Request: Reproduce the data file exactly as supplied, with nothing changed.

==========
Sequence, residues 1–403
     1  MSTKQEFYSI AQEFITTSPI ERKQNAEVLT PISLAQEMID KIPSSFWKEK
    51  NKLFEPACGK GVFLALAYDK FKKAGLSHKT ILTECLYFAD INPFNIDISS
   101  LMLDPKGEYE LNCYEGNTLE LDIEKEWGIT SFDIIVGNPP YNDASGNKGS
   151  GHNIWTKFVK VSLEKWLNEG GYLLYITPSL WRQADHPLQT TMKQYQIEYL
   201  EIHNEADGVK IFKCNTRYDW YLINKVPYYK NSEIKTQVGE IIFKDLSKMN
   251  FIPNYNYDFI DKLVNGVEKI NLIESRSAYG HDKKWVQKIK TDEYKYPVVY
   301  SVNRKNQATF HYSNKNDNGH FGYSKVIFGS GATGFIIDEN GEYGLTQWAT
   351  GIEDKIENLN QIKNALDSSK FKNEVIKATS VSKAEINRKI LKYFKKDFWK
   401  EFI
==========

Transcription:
Sequence, residues 1–403
     1  MSTKQEFYSI AQEFITTSPI ERKQNAEVLT PISLAQEMID KIPSSFWKEK
    51  NKLFEPACGK GVFLALAYDK FKKAGLSHKT ILTECLYFAD INPFNIDISS
   101  LMLDPKGEYE LNCYEGNTLE LDIEKEWGIT SFDIIVGNPP YNDASGNKGS
   151  GHNIWTKFVK VSLEKWLNEG GYLLYITPSL WRQADHPLQT TMKQYQIEYL
   201  EIHNEADGVK IFKCNTRYDW YLINKVPYYK NSEIKTQVGE IIFKDLSKMN
   251  FIPNYNYDFI DKLVNGVEKI NLIESRSAYG HDKKWVQKIK TDEYKYPVVY
   301  SVNRKNQATF HYSNKNDNGH FGYSKVIFGS GATGFIIDEN GEYGLTQWAT
   351  GIEDKIENLN QIKNALDSSK FKNEVIKATS VSKAEINRKI LKYFKKDFWK
   401  EFI